work performed by men in EFCS. See Note, supra, 90 Yale L.J. at 657 n.5. It is clear after the Supreme Court's decision in County of Washington v. Gunther, supra, that such claims are cognizable under Title VII. See also I.U.E. v. Westinghouse Electric Corp., supra. The elements of such comparable work claims have yet to be defined, however, and we need not undertake this task in the case before us. For the reasons given in our discussion of her equal work claims, Bay simply has not proffered evidence from which we might infer with any confidence that her work was comparable or equally valuable to that of any male in EFCS other than Hyde.
C. The Constructive Discharge Claim
The doctrine of constructive discharge was first developed in cases under the National Labor Relations Act. In recent years, the doctrine has been incorporated in Title VII law to protect employees who are compelled to resign because of working conditions made intolerable by discrimination. To the best of our knowledge the Third Circuit has not addressed constructive discharge in the context of either labor relations or civil rights, so we turn to cases in other circuits for guidance.
The courts that have considered constructive discharge claims under Title VII agree that the plaintiff must show that her employer deliberately made working conditions so intolerable that a reasonable person would have been forced to resign. E.g., Welch v. University of Texas, 659 F.2d 531, 533 (5th Cir. 1981); Clark v. Marsh, 214 U.S. App. D.C. 350, 665 F.2d 1168, 1173 (D.C. Cir. 1981); Heagney v. University of Washington, 642 F.2d 1157, 1166 (9th Cir. 1981); Alicea Rosado v. Garcia Santiago, 562 F.2d 114, 119 (1st Cir. 1977). The requisite intent, in the majority view, involves the deliberate creation of intolerable conditions or purposeful discrimination, rather than an intent to get rid of the plaintiff. See Bourque v. Powell Electrical Manufacturing Co., 617 F.2d 61, 65 (5th Cir. 1980) (plaintiff need not show purpose to compel resignation but must show aggravating circumstances); Clark v. Marsh, supra, 665 F.2d at 1173-74 & n. 5 (adopting Bourque standard); Alicea Rosada v. Garcia Santiago, supra, 562 F.2d 114, 119 (plaintiff must show that employer created conditions "so difficult or unpleasant" that reasonable person would resign). But see Muller v. United States Steel Corp., 509 F.2d 923, 929 (10th Cir.), cert. denied, 423 U.S. 825, 46 L. Ed. 2d 41, 96 S. Ct. 39 (1975) (plaintiff must show "a deliberate effort to make things difficult . . . so as to bring about his separation.").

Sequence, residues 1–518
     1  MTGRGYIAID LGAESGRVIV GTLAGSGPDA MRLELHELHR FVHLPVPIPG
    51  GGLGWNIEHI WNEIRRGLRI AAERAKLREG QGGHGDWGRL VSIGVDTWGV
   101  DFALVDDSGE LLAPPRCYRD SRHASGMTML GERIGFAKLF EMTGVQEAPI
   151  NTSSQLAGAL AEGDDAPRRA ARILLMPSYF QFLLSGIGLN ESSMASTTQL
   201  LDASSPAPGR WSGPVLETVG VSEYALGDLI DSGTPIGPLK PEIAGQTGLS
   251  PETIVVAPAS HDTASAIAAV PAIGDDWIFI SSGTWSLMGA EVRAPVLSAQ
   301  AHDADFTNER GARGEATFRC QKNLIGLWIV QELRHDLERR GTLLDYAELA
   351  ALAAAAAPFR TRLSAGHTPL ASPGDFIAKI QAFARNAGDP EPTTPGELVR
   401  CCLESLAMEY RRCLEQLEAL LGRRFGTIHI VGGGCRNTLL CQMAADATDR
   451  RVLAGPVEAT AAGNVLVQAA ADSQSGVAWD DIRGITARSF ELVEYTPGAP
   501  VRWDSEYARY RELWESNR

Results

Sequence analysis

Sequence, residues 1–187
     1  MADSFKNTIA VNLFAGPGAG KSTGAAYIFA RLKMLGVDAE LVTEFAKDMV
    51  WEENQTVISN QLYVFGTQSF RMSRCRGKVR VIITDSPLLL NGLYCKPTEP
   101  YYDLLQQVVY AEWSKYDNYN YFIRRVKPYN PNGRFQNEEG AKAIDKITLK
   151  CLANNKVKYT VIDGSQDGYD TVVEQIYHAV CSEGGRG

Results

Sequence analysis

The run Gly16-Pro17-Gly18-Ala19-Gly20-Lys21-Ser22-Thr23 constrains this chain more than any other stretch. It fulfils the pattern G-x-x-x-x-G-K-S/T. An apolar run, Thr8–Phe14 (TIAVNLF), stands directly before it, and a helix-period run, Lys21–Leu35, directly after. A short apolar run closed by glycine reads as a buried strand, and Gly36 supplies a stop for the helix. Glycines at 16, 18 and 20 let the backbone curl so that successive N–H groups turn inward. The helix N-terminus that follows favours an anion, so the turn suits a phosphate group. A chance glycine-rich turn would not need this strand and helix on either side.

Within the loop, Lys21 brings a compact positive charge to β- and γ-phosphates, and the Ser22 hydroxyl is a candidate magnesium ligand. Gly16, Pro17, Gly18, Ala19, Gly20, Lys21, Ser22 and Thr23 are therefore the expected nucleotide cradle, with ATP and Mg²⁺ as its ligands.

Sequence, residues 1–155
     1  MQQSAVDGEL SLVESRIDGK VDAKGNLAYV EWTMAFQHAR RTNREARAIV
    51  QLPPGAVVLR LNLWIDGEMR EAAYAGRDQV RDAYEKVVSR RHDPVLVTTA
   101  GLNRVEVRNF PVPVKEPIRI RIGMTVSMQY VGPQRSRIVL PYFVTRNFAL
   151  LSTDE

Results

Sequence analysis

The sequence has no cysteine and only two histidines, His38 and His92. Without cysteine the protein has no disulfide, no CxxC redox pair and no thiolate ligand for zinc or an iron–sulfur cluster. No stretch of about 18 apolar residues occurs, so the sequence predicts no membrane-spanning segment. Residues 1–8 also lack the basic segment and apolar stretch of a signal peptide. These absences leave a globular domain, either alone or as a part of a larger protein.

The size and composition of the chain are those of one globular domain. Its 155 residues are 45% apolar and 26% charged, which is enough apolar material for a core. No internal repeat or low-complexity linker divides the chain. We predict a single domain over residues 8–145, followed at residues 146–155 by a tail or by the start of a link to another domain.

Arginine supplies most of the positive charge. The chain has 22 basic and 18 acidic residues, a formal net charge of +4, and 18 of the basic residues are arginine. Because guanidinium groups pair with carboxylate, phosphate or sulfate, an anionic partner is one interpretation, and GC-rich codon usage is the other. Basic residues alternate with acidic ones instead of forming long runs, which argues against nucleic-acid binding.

At the same time, the fact of purposeful discrimination alone does not suffice to prove constructive discharge. The policy of nondiscrimination embodied in Title VII is best served when it is possible to attack discrimination "within the context of existing employment relationships," Bourque v. Powell Electrical Manufacturing Co., supra, 617 F.2d at 66. But recognizing that working conditions may be made so bad by discrimination that departure is an employee's only realistic choice, courts have found constructive discharges when the plaintiff was able to prove discrimination and the existence of aggravating circumstances.